Digital Cable vs. Satellite

Discussion in 'Archived Threads 2001-2004' started by Shade Watson, Feb 23, 2001.

  1. Shade Watson

    Shade Watson Stunt Coordinator

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    Can anyone tell me the pros and cons of digital cable vs satellite? I plan on upgrading from regular cable. I am leaning towards digital cable because I can still watch regular cable where ever I don't have a receiver box. Is this a mistake?
     
  2. ScottH

    ScottH Producer

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    The only advantage to digital cable that I'm aware of is that there are no installation hassles associated with it (although depending on your local cable provider this could be debatable). Satellite has a much better picture, more channels, more options, better sound, HDTV channels (albeit very few), and I'm pretty sure even the monthly price is better. I guess you could say one other advantage to digital cable is that you don't have to buy any equipment upfront, but I know Directv has a special now where you can a buy a Directv system for $200 and receive a $200 rebate with a yearly subscription commitment of some sort. If you have a rear projection TV, you should definitely go with satellite.
     
  3. DaleB

    DaleB Stunt Coordinator

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    Another case for satellite is generally the programming packages offered are more cost-effective than cable, at least the last time I checked. Cable may be more competitive now.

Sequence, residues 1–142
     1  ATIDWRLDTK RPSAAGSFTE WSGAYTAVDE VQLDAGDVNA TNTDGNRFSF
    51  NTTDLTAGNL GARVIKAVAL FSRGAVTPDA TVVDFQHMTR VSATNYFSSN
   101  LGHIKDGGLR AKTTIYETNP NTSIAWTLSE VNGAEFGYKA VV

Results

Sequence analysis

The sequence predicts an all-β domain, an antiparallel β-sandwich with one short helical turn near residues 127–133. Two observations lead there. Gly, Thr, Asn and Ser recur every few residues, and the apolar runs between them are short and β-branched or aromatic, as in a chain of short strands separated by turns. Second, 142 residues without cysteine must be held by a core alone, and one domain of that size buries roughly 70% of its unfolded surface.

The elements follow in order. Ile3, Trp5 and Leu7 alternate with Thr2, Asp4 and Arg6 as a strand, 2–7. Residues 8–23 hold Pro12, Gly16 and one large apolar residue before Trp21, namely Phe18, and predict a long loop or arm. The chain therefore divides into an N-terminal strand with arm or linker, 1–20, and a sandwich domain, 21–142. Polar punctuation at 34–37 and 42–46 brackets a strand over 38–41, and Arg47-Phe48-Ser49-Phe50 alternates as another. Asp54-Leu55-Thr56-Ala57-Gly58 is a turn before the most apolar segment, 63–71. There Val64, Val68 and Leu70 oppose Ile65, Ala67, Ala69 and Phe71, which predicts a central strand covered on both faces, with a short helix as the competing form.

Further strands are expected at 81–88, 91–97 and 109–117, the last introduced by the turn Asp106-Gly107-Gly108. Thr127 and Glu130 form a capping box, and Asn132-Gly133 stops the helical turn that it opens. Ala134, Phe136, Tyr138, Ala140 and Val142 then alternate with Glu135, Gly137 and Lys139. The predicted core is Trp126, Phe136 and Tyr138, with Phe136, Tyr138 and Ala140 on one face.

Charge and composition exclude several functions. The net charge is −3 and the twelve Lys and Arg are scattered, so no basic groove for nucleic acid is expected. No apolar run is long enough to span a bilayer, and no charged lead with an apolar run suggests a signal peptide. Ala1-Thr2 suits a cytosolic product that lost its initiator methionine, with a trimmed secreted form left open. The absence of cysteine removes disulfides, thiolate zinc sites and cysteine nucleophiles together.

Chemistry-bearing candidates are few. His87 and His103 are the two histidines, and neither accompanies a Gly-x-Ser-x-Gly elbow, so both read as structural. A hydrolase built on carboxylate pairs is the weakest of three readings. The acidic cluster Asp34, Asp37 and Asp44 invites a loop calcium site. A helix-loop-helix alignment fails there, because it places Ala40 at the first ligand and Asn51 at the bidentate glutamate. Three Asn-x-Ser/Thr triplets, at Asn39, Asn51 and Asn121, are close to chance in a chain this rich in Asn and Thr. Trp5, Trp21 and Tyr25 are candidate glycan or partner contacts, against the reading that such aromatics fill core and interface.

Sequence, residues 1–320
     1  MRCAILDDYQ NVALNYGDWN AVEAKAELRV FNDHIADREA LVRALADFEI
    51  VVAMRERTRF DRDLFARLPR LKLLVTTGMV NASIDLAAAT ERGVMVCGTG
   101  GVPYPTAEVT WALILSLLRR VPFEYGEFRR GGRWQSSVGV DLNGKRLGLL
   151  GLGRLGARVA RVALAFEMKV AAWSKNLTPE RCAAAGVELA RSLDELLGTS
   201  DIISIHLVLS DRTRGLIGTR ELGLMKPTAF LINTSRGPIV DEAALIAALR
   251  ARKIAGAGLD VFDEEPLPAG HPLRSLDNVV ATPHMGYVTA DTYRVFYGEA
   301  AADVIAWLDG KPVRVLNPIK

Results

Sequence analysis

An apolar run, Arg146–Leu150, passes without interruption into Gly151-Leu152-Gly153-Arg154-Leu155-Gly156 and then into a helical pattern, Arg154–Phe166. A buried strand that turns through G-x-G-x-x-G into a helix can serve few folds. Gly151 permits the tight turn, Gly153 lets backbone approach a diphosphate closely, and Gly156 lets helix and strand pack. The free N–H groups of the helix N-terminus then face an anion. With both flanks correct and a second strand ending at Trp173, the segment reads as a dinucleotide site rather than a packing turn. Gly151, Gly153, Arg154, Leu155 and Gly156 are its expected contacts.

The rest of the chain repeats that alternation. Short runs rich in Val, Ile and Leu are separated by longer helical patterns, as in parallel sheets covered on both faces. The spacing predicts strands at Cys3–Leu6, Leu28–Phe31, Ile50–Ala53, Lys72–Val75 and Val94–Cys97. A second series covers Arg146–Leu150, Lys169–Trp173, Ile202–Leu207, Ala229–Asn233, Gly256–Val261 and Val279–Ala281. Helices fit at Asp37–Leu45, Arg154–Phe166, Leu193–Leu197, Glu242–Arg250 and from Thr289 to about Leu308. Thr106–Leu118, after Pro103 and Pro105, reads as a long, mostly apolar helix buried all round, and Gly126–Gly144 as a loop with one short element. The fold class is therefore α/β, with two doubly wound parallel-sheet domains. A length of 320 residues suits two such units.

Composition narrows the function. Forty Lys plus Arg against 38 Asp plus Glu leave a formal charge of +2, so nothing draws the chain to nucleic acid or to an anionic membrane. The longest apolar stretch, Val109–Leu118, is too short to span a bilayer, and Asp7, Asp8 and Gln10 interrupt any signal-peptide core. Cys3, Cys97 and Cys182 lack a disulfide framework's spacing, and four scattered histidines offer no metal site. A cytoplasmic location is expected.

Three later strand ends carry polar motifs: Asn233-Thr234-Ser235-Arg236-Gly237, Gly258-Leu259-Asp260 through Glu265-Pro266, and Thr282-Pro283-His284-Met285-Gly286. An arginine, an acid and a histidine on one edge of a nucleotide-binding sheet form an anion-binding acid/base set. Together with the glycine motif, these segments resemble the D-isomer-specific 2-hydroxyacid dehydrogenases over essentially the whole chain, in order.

Taking the system as a whole, satellite is offering a neat self-contained packaged with 'local' wiring if you will.
    It's true, something might fail in a satellite system, or the central uplink ground station that supports it. But one advantage is that satellite is relatively new, and there are a lot of cables systems dealing with old equipment, or equipment in a constant state of renovation.
    With cable you at the mercy of the whole system where there could be a breakdown. On the downside, satellite is subject to the effects of weather. Which I have found to be quite rare. I do live in California (northern) but we have been hit with large series of storms lately. And disruptions have been seldom, and last only for a few seconds.
    In almost 2 years I have never seen a total Sat. system outage (unless I lost power!) or if I did it must have been very short!